Muon colliders are both precision and discovery machines, but significant R&D is required before they can be considered candidates for a next collider.
Muon colliders have been the topic of much discussion this week during the update of the European Strategy for Particle Physics (ESPP) in Granada. Proposals for such a machine are much less advanced than those for other projects under consideration for a post-LHC collider. A muon collider is therefore not being considered on the same footing as circular and linear electron—positron projects such as FCC-ee, CEPC, ILC and CLIC. Nevertheless, its potential to produce very high-energy collisions that can transfer all energy into the production of new particles in a relatively small facility is proving difficult for physicists to resist.
In one of 160 written inputs to the ESPP update, the Muon Collider Working Group points out that a 14 TeV muon collider provides an effective energy reach similar to that of a 100 TeV FCC proton—proton machine. In addition to its energy reach, the report states, a dedicated muon collider is able to precisely measure the Higgs boson’s mass and width, along with other observables: “A muon collider is therefore ideal to search for and/or study new physics and for resolving narrow resonances both as a precision facility and/or as an exploratory machine”. A 14 TeV muon machine would fit neatly into the tunnel that is currently occupied by the LHC, and in principle the technology could go to much higher energies.
Being some 200 times more massive than electrons, muons suffer significantly less from synchrotron-radiation losses and therefore can be accelerated efficiently in a circular machine. But reaching high luminosities is extremely tough owing to short muon lifetime at rest (2.2 μs) and the difficulty of producing large numbers of muons in suitably shaped bunches.
One way to conquer this problem is to “cool” an initial low-energy muon beam, which has large transverse and longitudinal emittances, by several orders of magnitude in the 6D phase-space and then rapidly accelerate it. Last year, the UK-based Muon Ionisation Cooling Experiment (MICE) demonstrated the principle of ionisation cooling, by observing 4D cooling in a low-flux muon beam. “The results point the way to an exciting programme in which muon beams of high-brightness are exploited to seek new insights into the properties of neutrinos and to explore the energy frontier with multi-TeV lepton-antilepton collisions,” says MICE spokesperson Ken Long of Imperial College, London, who was present at the ESPP symposium. Fermilab in the US also pursued such technologies in its dedicated Muon Accelerator Program (MAP), while an experiment at J-PARC in Japan last year accelerated muons by a radio-frequency accelerator for the first time.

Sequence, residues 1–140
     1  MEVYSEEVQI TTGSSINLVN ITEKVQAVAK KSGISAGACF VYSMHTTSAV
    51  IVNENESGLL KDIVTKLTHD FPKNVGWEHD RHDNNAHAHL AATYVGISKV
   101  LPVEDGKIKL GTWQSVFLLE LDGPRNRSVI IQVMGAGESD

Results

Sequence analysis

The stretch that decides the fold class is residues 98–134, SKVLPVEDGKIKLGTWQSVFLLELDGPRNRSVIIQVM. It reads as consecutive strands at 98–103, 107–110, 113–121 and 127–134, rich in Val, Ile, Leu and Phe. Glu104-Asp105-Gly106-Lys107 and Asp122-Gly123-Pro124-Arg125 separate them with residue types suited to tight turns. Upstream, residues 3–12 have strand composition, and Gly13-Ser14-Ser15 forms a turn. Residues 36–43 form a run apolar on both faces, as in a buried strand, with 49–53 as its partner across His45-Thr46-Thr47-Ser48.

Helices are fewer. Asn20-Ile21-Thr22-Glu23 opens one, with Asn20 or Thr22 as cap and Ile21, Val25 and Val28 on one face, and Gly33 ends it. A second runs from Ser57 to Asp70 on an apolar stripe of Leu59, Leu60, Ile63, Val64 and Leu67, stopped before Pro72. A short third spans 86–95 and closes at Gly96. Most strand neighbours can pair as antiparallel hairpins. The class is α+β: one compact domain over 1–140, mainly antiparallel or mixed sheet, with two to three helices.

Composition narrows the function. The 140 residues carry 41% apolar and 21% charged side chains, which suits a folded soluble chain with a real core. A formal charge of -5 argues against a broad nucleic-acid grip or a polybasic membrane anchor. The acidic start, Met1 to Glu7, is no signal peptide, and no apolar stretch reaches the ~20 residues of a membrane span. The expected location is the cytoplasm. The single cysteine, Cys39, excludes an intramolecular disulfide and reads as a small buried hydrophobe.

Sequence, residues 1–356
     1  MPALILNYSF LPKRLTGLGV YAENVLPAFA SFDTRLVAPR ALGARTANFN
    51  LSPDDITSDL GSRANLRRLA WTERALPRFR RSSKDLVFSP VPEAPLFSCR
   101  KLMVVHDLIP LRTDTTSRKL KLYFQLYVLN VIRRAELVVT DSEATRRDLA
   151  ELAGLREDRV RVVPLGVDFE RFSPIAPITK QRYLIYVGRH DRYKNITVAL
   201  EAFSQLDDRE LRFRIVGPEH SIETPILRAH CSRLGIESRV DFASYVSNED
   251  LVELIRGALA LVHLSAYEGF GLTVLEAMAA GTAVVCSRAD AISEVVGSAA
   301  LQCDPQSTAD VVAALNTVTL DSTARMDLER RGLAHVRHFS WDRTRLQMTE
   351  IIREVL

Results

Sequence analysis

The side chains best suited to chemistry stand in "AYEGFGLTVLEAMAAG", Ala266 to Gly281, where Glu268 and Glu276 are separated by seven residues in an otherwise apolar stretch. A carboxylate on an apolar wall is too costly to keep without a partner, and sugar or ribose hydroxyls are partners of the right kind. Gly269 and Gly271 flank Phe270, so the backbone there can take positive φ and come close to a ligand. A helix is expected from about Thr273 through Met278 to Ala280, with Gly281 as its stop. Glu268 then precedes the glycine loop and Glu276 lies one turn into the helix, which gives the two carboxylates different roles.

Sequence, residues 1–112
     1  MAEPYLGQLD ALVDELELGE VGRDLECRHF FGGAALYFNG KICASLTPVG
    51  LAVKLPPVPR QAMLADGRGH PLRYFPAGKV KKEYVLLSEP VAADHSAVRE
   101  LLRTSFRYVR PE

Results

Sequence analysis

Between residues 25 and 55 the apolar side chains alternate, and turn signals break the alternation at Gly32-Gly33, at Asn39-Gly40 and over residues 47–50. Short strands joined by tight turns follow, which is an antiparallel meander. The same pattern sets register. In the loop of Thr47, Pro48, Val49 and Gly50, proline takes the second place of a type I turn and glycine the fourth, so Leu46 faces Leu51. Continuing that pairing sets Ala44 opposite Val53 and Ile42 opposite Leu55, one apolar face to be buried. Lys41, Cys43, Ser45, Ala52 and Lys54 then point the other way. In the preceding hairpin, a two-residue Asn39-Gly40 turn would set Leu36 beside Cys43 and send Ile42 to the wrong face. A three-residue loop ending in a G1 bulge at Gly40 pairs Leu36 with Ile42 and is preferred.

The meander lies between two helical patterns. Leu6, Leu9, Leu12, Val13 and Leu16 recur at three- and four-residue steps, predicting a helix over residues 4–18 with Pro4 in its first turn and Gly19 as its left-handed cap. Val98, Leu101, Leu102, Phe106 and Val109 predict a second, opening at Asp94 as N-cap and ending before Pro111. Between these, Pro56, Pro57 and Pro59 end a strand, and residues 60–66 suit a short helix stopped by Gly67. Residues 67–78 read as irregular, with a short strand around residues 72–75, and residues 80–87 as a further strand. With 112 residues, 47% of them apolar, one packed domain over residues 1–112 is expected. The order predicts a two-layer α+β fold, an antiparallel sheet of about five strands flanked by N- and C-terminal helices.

Recently, physicists in Italy and France proposed an alternative concept for a muon collider called the Low Emittance Muon Accelerator (LEMMA), which offers a naturally cooled muon beam with a long lifetime in the laboratory frame by capturing muon–antimuon pairs created in electron–positron annihilation.
The Muon Collider Working Group, which was established by CERN in 2017, has performed a first, high-level review of these two muon collider schemes. “The focus has been on the positron-based scheme, which it was really promising but it has been found to require consolidation,” said Daniel Schulte of CERN, reporting the group’s findings in Granada this week. The group recommends that an international collaboration “promote muon colliders and organise the effort on the development of both accelerators and detectors and to define the road-map towards a CDR by the next ESPP update”. The production of muon neutrinos with a well-known flux and energy spectrum would also serve as the source for a neutrino factory.
Given the broad spectrum of views expressed in Granada this week, both during the sessions and in the sidelines, the path to a muon collider could be bumpy. “At the Higgs pole, it’s not competitive with any of the other machines, although the perspective for Higgs physics at a very high-energy muon collider is actually very good,” pointed out one participant during a discussion session about Higgs and electroweak physics. “It’s total fantasy!” said another. But the view from the expert working group is more positive. Can muon colliders at this moment be considered for the next project? “Not yet,” said Schulte, but enormous progress has been made and it is clearly worthwhile to continue R&D. “A muon collider may be the best option for very high lepton collider energies beyond 3 TeV, and has strong synergies with other projects such as magnet and RF development,” concluded Schulte. “We should not miss this opportunity.”